Can you get addicted to gabapentin

Nerve pain as well as other nerve-related problems may occur in people with autoimmune conditions like diabetes; moreover, people living with an injured / damaged spinal section and those who have shingles may develop a nerve condition. For these nerve problems, medications forming part of a category known as anticonvulsants / antiepileptics are commonly prescribed. Gabapentin is a leading drug in this category. But, is gabapentin addictive? It is important to know about this before commencing your treatment plan.

The federal medication approving authority in the US – FDA – has cleared a few meds for treating nerve-linked problems. These meds are categorised as antiepileptic drugs or anticonvulsants. Active ingredients present in these drugs help ease up your central nervous system. This action help curing fits / seizures. Drugs of this genre work by suppressing pain signals and thus reduce discomforts.

What is gabapentin?

This drug is prescribed for controlling and preventing episodes of seizures or fits. This medication belongs to a family of drugs known as anti-epileptics or anticonvulsant meds. You can get it either as a generic or branded offering. You also get its immediate-release form and an extended-release form in drugstores and online pharmacies.

Gabapentin is administered for nerve conditions like neuralgia, epileptic fits and / or seizures. This med can also be taken for treating nerve pains caused by the onset of shingles. Essential chemicals present in gabapentin aid in numbing your pain; in case of fits or convulsions, the drug helps maintain needful amount of calcium level in the body.

Can you get addicted to gabapentin?

In some users, gabapentin has exhibited evidence of addiction and dependencies. Risks of addiction are more pronounced among those who use this drug along with alcohol or opioids. Studies reveal that those who take opioids are more likely to use gabapentin as they get a boosted level of high / euphoria.

The signs of being addicted to gabapentin are – intake of larger doses, cravings to take this med, consulting with many physicians to get prescriptions of gabapentin, inability to stop taking this med despite your desire to discontinue, etc.

If you have been taking this drug in doses of 2600 mg (or above) per day, you need to exert added caution while discontinuing this med. Those who took gabapentin in doses exceeding 3000 mg each day may observe withdrawal effects to last for more than 6 days form the time of your last dose.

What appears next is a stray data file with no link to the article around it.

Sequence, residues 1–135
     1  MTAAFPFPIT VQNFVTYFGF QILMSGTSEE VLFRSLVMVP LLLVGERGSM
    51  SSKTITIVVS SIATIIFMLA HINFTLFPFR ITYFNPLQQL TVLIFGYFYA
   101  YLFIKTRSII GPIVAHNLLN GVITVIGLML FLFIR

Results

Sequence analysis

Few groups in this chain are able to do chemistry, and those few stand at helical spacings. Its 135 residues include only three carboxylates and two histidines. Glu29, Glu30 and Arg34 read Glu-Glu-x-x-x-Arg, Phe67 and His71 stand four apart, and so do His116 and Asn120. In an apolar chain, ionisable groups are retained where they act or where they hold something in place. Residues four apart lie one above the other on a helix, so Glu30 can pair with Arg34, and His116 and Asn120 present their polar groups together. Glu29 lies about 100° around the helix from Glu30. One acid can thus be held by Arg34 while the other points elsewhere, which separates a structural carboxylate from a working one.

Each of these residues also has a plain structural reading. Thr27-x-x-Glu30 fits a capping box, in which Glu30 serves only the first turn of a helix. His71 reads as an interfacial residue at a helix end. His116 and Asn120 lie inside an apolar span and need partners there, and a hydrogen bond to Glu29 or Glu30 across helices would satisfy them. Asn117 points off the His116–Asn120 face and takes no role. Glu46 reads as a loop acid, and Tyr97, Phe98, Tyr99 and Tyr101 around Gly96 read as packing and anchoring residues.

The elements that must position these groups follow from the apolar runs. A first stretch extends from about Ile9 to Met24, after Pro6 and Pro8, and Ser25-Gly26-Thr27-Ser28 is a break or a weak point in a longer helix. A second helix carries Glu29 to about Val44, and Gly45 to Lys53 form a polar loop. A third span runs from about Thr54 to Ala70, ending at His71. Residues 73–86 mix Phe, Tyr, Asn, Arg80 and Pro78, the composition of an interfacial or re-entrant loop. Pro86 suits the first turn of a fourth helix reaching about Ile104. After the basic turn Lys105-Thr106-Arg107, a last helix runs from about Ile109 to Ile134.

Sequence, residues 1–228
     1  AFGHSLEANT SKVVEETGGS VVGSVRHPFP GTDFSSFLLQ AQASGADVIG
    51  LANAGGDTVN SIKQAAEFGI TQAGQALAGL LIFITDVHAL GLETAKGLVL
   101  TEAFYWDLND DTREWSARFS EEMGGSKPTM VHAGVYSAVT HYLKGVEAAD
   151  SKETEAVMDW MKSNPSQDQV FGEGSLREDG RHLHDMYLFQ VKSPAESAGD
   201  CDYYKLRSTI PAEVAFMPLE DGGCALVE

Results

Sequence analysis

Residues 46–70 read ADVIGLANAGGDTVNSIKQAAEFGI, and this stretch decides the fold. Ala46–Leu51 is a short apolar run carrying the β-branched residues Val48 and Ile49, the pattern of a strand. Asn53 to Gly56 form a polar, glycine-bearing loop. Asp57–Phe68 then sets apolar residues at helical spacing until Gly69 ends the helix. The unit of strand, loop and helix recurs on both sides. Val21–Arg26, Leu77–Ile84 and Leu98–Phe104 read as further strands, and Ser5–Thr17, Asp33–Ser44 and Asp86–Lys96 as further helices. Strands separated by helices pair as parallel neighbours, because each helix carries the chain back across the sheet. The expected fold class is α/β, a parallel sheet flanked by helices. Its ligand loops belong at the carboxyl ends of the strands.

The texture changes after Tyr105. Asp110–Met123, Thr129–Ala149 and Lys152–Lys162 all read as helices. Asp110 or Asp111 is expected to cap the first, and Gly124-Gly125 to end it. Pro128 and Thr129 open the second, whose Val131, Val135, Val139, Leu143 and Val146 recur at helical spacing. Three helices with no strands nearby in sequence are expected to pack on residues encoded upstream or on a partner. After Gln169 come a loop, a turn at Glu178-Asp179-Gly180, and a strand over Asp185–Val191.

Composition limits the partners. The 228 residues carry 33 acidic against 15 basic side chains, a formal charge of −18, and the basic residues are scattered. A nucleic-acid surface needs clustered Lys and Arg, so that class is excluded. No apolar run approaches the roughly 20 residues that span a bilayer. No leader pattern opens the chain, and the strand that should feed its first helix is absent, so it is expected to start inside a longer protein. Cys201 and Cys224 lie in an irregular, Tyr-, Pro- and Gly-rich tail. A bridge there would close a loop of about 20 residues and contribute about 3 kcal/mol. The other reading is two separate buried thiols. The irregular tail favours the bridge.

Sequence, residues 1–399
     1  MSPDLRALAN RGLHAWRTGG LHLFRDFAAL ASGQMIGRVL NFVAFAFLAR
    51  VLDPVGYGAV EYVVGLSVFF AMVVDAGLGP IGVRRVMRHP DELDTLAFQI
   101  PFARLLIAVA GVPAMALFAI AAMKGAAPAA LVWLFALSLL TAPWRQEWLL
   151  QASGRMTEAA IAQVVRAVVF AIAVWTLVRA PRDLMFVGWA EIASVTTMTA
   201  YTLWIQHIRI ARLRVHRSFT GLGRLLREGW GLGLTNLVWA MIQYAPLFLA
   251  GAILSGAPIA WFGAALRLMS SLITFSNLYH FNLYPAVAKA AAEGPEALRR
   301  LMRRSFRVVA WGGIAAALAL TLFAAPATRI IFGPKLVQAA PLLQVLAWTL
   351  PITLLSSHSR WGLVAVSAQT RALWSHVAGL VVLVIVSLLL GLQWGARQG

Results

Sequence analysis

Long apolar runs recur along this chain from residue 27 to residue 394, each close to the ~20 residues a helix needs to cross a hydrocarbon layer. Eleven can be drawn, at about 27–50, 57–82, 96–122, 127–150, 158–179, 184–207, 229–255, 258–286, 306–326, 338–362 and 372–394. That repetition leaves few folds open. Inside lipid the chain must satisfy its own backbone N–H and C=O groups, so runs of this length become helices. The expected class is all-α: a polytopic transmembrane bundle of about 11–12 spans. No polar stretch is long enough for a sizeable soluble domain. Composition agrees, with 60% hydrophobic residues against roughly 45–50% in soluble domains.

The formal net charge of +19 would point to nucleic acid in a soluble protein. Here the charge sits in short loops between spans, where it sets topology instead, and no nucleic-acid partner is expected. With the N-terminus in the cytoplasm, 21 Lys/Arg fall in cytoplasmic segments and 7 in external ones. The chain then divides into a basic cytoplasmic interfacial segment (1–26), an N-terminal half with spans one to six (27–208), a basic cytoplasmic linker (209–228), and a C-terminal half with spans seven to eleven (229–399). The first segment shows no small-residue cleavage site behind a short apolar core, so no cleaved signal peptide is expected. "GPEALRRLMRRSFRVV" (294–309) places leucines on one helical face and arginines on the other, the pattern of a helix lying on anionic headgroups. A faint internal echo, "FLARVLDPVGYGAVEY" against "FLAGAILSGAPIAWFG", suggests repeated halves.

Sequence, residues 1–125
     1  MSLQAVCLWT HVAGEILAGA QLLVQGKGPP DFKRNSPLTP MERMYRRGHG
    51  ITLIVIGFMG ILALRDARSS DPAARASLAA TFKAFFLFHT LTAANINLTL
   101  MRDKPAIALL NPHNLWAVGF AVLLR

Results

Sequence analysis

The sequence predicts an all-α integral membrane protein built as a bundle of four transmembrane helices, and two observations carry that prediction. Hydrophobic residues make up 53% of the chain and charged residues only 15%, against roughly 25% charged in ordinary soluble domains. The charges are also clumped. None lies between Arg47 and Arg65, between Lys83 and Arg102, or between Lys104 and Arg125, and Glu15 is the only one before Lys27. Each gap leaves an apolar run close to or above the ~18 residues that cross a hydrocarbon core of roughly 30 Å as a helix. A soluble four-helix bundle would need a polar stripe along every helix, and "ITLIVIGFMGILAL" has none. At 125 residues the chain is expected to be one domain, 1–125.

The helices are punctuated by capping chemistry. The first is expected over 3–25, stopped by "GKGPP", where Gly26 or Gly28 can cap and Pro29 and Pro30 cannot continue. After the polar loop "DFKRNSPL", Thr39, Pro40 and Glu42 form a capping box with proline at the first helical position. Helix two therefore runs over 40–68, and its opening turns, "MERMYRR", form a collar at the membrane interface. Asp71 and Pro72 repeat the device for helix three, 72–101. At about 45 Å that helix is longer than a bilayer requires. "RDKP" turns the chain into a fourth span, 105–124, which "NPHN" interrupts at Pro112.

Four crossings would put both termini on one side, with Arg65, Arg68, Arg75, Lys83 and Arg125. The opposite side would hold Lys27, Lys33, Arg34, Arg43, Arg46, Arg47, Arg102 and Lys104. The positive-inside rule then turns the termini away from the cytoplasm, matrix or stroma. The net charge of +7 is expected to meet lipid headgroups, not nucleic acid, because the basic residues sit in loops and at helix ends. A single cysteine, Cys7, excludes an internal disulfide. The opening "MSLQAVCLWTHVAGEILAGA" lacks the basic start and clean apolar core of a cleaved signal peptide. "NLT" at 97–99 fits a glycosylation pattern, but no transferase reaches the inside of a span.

Those who are stopping gabapentin in an abrupt manner may experience a few signs of withdrawal; while stopping gabapentin side effects such as severe spells of migraine, agitation or anxieties, dizziness, rapid heartbeats or spells of convulsions, may show up. It is a safe thing to taper the last few doses of gabapentin to avoid most of aforesaid signs.

Pointers for the safe use of gabapentin

Gabapentin helps in the treatment of painful nerves – especially in adults who have diabetes mellitus. People who took this this med noticed relief from weakness and tiredness. Also, users report of better sleeping patterns, healthy moods and overall wellbeing.

This drug may take a few days’ time to work on nerve-related pains. You may get needful relief in ~ 12 – 14 days from the start of your medication plan. However, if you are not witnessing much improvement in your nerve condition, consult with your treating doctor as soon as you possibly can.

Lastly, initial doses of gabapentin are often maintained at a lower level; first few dosages are at 300 milligrams per day. If your body does not exhibit adverse effects, strength is gradually increased. You are advised to take gabapentin as per the instructions of a professional clinical practitioner.


Information provided here are only of supplementary nature. Information shared here does not substitute a qualified doctor’s advice. This website is not suggesting intake of this drug as safe or appropriate. Hence it is advised to talk to your doctor before consuming this med or any other drug.

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